Whether your water comes from a municipality or you have a private water supply, such as a private well, you can use a DIY home test kit (sold online or at local home centers or hardware stores) to check the water for hardness. Alternatively, you can ask your local water supplier to provide you with the hardness level of the water they deliver. Or better yet, request a copy of their latest water quality report. For even more accurate results (though it might take some time before you receive them), you can send a water sample from your tap to a certified local lab for testing.

Regardless of the method you use, it will give you a good idea of your water hardness level. That way, you can be more proactive about protecting your plants, appliances, pipes, fixtures, and all the other things in your home that often fall victim to hard water and its devastating effects.

So, what’s the solution to keep your plants healthy and happy?

It’s a joy to see your love for plants (the fact that you are reading this article tells it all). As such, we’ve researched a few excellent ways you can spare your precious plants from the damaging effects of high salt content and other harmful minerals potentially present in your water supply. Here goes:

1. Use potassium chloride instead of regular salt.

Potassium chloride is an excellent alternative to sodium chloride. It is a plant nutrient, which means it is perfect for plants and soils. Just add a few potassium pellets in your softener’s brine tank rather than the usual salt, and you’re good to go!

2.   Water your plants with rainwater.

Rainwater is probably a plant’s favorite – if you don’t live in a place with too much pollution, that is. It is often jam-packed with minerals necessary for plant growth and will make your plants grow bigger and healthier than other water types. If you choose to use rainwater to water your indoor plants and individual garden and potted plants, you can collect it in a bucket, barrel, or another suitable container. However, if you have many plants to water, you can purchase a rain collection barrel, which can come with a hose attachment so you can water large amounts of an area with ease. The most significant benefits of using rainwater are that it helps conserve water and is usually clean and naturally soft.

3. Consider installing a second line specifically for watering plants.

Another option is to have a plumber install a separate line to an external connection that you can use to water plants, trees, and landscapes with untreated water but still enjoy all the benefits of softened water in your home.

4. Install a salt-free water softener.

Unlike salt-based water softeners, salt-free softeners produce softened water without using salt (as the name suggests). Salt-free softeners are an excellent substitute for salt-based units since the softened water will not contain any salt that would otherwise damage your plants, all while enjoying the remarkable benefits of having a water softener in your home. That means no more stains, watermarks, or filmy residue on your sinks, bathtubs, and in your toilets, and all the other problems that come with hard water.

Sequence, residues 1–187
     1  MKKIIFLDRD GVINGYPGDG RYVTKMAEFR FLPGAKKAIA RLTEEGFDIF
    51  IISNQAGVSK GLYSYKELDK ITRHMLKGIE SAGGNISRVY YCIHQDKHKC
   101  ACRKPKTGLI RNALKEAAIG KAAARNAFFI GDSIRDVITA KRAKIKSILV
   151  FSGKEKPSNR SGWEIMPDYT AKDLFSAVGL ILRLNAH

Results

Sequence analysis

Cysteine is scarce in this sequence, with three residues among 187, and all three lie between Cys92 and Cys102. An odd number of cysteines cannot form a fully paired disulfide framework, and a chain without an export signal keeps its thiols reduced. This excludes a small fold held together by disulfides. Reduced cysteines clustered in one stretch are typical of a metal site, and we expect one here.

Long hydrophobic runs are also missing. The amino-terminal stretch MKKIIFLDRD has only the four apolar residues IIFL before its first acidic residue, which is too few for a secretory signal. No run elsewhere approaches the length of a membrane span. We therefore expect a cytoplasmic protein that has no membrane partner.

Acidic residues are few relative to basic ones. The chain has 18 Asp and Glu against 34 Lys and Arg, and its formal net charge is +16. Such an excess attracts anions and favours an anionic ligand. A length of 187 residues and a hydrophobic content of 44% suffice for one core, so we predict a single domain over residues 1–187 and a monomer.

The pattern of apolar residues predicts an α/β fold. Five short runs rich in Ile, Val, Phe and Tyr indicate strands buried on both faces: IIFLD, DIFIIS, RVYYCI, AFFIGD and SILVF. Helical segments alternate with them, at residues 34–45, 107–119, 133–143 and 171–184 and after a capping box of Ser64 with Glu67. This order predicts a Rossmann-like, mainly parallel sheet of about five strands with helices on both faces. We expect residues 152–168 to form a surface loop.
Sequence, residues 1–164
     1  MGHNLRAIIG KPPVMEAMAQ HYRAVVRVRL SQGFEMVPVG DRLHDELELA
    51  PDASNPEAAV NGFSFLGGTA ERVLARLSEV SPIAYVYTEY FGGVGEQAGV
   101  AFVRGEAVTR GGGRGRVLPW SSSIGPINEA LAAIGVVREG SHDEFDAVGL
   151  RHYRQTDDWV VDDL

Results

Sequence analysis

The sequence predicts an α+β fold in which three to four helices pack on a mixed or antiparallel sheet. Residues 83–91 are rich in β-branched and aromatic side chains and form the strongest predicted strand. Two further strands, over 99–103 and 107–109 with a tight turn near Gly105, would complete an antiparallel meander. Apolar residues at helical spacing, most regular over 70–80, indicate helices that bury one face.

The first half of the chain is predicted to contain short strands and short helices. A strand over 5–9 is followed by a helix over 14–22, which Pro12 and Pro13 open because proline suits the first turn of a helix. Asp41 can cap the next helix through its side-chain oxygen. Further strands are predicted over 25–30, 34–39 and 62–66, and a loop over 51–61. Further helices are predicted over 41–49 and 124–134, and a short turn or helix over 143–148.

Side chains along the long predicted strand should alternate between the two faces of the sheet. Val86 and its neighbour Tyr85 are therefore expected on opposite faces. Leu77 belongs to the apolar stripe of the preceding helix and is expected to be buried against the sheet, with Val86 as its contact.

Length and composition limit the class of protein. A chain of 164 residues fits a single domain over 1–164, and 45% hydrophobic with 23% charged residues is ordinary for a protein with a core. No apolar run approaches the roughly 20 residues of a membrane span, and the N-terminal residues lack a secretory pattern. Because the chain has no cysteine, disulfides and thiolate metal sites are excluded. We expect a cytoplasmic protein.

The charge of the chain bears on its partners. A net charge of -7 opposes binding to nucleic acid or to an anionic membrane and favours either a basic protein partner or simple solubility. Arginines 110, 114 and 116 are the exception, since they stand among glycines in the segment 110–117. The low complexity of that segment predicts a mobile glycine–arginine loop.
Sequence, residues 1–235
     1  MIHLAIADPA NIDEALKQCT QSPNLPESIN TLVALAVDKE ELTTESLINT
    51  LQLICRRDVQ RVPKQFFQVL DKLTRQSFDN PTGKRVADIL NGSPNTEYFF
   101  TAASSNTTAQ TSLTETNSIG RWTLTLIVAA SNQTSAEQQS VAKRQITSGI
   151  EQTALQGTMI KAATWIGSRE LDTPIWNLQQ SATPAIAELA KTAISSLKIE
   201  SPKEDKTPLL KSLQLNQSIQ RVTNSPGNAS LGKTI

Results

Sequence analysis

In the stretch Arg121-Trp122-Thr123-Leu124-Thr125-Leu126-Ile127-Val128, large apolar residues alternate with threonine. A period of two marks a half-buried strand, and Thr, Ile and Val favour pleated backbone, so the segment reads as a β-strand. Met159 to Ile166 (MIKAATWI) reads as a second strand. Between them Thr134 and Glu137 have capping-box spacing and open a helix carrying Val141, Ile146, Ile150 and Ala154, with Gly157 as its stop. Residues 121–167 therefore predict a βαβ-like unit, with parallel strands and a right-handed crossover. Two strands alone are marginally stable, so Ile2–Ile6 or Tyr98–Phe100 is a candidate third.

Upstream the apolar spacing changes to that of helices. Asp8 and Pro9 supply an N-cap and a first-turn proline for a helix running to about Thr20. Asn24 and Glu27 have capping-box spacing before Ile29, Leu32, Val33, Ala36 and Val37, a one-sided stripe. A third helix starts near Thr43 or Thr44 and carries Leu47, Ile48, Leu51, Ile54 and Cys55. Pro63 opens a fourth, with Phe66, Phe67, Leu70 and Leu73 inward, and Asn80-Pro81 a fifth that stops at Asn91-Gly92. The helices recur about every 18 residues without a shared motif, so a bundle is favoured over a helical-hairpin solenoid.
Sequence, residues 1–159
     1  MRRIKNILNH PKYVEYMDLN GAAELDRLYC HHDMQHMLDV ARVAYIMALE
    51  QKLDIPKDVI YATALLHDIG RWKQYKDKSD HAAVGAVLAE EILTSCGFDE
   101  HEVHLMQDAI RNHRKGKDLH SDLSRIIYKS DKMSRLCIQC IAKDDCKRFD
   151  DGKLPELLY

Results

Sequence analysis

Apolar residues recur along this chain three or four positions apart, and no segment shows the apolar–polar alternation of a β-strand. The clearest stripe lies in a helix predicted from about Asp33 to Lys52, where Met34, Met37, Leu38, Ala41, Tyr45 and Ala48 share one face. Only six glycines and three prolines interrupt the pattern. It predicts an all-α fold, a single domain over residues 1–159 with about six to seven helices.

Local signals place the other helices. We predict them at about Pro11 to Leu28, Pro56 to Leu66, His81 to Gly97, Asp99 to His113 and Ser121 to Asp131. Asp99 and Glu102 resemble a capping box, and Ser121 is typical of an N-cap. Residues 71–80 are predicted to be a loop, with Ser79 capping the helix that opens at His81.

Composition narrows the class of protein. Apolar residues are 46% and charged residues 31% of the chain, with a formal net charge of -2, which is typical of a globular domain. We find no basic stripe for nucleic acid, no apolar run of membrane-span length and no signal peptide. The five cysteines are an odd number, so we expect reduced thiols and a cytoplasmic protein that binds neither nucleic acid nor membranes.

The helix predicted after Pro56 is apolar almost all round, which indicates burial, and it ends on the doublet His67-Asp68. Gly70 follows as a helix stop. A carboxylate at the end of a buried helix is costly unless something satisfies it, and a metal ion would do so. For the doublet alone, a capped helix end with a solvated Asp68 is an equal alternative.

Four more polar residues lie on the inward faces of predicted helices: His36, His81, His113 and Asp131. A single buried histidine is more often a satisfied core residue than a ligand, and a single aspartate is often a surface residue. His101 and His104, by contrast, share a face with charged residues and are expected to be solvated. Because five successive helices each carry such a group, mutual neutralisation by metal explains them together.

Both the salt-based and salt-free versions produce softened water, but it’s essential to know the difference between both types. However, you’ll more likely be happier with a salt-free softener if you want to protect your plants from the adverse effects of salt without missing out on the incredible benefits that come with a quality salt-free water softener.

The best Salt Free Water Softener Alternative for plants

If you decide to go with a salt-free system, we recommend the Springwell FutureSoft FS1 Salt Free Water Softener Alternative. This salt-free softener is a compact, efficient, and reliable unit designed to eliminate hardness-causing minerals from water without using chemicals or salt. Plus, unlike traditional water softeners, it doesn’t require electricity to work, waste water, nor discharge brine into the environment. Instead, it uses a physical process called Template-Assisted Crystallization (TAC), which converts the dissolved hardness minerals into small calcite crystals that remain suspended in the water instead of forming mineral scale on surfaces like hard water does. Also, because the FS1 salt-free softener does not trap minerals in the water, there’s no need for a regeneration cycle to remove the captured ions.

With the FS1 salt-free softener in your home, you can expect the following benefits:

  • Healthier and happier plants
  • Reduced scale buildup in pipes, fixtures, and appliances
  • Easier house cleaning
  • Brighter and softer laundry
  • Longer-lasting appliances
  • Savings on your water and electricity bills (since the FS1 doesn’t need to regenerate, nor does it use electricity)
  • High water flow rates and no drop in water pressure due to the system’s ActivFlo technology
  • UV water purification system add-on to kill bacteria, viruses, and other water-borne pathogens

But if your water comes from a municipality where it’s disinfected with chlorine, our CSF1 Water Filter Salt-Free Softener eliminates chlorine to protect your plants from its corrosiveness to plants. Too much chlorine in water can be toxic to plants, so if you do not have a filter that removes it from the water you use to water your plants, the chemical can accumulate in the leaf tissue. And when this happens, it can result in smaller leaves with a scorched or burned appearance.

If you have any questions about our unique line-up of affordable, reliable, and efficient water softening systems, check out our Water Softeners product page or head over to the Water Filter Softener Dual Systems section. And of course, you can always send us a message or give us a call using the information on our contact us page.

Final Thoughts

Watering your plants is a crucial part of keeping them healthy. However, it’s equally important to use the right water. Using softened water to care for your plants can hinder their growth and development and cause them to wilt and die. To prevent this, use one of the methods we described above to keep your plants in great shape and your outdoor or indoor spaces looking greener and more beautiful than ever before. Your plants will thank you for it.